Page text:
One of the easiest ways to turn each of your goals from dreams to reality is to use the SMART goal method. SMART is an acronym that stands for Specific, Measurable, Achievable, Relevant, and Time-Bound. By applying this metric to each of the goals you've defined above, you can create a simple plan for each one. Here's how we can apply the SMART method:

Let's use the example of saving  $15,000  as an emergency fund. 

  • Specific: I want to build an emergency fund of $15,000.
  • Measurable: I need to save $5,000 per year, which is $416 per month or about $14 per day.
  • Achievable: My budget includes up to $1,050 of disposable income which enables me to save the targeted amount of $416 per month. 
  • Relevant: According to my income and expenses over the past year, I should be able to achieve this goal.
  • Time-bound: I want to save $20,000 within three years.

Now that you have identified a SMART2 goal, it's time to get started. Make it as easy as possible to save by setting up automatic transfers to a special savings account that you know you won't dip into when a sale at Nordstrom tempts you.  By making sure each of your goals follows the SMART framework, you can create a plan to actually achieve the things on your list. You’ll then need to stick to the plan, track your progress, and celebrate your wins.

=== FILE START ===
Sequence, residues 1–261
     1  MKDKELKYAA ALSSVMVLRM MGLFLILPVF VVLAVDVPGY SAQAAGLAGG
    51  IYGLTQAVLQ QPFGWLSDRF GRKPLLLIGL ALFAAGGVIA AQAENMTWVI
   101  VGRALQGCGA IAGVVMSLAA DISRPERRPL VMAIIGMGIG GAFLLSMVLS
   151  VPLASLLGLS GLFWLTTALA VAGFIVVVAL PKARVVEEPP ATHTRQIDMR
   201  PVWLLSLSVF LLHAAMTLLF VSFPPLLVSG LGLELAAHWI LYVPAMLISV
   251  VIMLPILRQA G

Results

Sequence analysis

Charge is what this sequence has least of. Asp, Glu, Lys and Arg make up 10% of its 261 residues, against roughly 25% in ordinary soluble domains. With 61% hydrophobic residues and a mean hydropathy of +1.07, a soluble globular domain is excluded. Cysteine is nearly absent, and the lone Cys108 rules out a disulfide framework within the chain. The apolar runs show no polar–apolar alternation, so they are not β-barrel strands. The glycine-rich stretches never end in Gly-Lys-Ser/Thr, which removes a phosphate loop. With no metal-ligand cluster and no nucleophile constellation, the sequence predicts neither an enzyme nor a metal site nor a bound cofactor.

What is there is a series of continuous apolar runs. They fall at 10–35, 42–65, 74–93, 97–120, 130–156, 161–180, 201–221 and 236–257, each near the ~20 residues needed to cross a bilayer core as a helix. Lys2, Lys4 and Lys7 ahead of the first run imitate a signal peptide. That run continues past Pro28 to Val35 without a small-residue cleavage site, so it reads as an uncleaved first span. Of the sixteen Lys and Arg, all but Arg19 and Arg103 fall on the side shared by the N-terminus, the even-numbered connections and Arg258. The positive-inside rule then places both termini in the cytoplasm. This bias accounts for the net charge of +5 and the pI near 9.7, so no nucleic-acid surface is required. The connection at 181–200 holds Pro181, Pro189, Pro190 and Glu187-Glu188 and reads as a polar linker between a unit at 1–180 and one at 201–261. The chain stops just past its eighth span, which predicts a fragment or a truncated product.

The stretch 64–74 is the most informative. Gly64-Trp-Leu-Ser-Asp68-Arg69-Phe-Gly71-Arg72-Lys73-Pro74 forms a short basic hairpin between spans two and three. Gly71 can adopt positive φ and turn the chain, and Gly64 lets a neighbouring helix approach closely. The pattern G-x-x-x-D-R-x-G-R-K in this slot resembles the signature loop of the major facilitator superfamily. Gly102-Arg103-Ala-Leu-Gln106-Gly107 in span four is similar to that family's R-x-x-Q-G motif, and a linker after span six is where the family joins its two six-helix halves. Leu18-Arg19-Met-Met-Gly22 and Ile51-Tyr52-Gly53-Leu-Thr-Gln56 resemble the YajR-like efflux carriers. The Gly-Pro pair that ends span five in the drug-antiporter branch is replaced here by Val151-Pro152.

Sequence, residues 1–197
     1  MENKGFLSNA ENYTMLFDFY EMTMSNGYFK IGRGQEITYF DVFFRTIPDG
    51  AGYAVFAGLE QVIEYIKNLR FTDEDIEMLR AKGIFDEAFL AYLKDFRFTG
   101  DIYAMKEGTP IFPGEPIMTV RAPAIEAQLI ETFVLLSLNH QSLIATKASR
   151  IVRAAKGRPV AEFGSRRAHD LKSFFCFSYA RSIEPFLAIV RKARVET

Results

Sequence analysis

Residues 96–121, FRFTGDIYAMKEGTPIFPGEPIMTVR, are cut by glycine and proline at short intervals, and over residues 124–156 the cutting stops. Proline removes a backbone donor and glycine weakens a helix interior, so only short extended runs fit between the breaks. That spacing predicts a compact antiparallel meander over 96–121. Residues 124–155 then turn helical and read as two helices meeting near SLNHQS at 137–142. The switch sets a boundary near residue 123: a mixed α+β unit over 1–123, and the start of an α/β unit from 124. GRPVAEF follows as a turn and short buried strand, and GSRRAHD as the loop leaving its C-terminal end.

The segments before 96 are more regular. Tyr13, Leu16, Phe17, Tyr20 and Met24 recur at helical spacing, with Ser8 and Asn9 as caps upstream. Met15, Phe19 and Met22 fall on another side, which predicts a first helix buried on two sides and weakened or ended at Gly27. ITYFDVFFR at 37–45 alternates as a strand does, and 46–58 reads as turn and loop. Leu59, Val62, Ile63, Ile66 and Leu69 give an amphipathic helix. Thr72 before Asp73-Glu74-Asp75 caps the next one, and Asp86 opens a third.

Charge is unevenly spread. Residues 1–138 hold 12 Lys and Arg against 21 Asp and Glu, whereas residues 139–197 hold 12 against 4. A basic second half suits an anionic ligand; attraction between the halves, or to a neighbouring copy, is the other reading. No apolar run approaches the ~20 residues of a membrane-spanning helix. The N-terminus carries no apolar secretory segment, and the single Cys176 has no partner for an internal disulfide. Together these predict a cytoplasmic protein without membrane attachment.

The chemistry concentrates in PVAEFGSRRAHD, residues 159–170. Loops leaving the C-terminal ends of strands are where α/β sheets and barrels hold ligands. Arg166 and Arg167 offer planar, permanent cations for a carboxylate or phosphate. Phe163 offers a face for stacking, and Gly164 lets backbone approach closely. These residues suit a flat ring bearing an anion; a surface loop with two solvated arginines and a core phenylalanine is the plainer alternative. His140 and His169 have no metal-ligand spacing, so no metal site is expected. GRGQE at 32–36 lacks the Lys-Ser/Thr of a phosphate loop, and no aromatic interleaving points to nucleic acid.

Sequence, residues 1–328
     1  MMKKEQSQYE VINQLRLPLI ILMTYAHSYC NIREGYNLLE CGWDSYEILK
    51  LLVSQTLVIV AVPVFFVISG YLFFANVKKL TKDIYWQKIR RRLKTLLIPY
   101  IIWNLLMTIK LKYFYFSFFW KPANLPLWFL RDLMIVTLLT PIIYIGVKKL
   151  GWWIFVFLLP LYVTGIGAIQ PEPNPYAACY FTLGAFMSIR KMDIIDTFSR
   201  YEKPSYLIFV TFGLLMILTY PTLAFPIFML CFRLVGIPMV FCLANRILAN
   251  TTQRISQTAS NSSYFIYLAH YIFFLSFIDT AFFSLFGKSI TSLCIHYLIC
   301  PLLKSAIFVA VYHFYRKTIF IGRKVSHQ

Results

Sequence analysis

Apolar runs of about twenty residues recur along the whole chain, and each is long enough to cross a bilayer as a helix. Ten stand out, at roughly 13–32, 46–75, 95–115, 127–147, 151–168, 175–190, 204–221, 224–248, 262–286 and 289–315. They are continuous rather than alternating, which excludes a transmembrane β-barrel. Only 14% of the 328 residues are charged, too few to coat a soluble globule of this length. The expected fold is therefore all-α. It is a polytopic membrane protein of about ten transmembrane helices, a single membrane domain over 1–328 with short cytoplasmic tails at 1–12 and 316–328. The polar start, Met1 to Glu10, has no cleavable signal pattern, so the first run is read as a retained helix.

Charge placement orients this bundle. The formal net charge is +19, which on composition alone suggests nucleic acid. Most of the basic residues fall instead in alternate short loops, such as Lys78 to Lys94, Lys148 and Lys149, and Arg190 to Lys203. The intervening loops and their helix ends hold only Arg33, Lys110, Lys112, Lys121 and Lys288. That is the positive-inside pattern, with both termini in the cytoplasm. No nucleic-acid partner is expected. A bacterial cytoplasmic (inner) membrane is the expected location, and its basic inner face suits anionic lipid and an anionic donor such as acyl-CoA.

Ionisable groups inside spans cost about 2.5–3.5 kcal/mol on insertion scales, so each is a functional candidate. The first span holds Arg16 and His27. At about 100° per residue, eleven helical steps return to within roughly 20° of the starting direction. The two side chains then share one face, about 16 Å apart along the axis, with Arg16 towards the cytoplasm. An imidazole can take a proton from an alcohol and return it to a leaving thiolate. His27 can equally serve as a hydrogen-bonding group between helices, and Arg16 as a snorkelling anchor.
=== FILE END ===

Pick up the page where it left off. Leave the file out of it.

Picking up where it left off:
Whether it's paying off debt, saving for retirement, funding education, or your dream trip, setting SMART financial goals will help you build the life you've always wanted. One day when you're lounging on a pristine beach, you'll have proof that you can set and achieve your financial goals.

  1. https://www.inc.com/geoffrey-james/what-goal-setting-does-to-your-brain-why-its-spectacularly-effective.html
  2. https://www.investopedia.com/articles/personal-finance/100516/setting-financial-goals/

This content is developed from sources believed to be providing accurate information, and provided by Twenty Over Ten. It may not be used for the purpose of avoiding any federal tax penalties. Please consult legal or tax professionals for specific information regarding your individual situation. The opinions expressed and material provided are for general information, and should not be considered a solicitation for the purchase or sale of any security.